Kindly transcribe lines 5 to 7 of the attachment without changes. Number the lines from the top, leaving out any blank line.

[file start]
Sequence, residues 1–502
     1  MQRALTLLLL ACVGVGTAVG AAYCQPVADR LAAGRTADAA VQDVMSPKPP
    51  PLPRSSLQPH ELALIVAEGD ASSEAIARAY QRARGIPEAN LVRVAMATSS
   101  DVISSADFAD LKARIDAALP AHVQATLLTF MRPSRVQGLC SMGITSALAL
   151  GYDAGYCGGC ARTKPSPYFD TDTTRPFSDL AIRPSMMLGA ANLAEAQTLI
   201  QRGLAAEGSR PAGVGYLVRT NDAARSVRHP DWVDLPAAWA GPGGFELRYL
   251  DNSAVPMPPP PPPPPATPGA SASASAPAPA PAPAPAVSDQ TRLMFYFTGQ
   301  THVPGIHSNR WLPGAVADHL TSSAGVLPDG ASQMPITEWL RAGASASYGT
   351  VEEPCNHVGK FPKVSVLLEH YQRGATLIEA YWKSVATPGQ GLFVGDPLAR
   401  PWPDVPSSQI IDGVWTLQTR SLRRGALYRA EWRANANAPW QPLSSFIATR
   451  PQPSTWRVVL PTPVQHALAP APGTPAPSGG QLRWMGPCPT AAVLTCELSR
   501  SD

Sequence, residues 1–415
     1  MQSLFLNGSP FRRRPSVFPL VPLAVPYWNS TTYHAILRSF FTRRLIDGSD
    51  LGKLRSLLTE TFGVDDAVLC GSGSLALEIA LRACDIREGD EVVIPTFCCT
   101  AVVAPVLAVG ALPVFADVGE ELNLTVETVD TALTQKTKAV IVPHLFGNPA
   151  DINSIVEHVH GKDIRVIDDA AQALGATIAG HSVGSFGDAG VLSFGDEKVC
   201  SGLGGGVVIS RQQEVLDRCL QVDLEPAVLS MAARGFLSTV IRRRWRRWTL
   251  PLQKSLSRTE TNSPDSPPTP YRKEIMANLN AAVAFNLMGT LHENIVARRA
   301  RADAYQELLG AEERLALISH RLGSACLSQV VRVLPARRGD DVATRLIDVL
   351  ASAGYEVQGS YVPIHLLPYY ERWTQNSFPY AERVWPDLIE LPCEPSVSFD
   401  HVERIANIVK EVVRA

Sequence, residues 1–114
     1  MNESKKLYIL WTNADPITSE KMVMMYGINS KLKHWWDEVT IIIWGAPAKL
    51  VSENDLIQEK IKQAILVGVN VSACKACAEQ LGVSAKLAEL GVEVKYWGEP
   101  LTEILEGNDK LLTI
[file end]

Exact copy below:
   151  GYDAGYCGGC ARTKPSPYFD TDTTRPFSDL AIRPSMMLGA ANLAEAQTLI
   201  QRGLAAEGSR PAGVGYLVRT NDAARSVRHP DWVDLPAAWA GPGGFELRYL
   251  DNSAVPMPPP PPPPPATPGA SASASAPAPA PAPAPAVSDQ TRLMFYFTGQ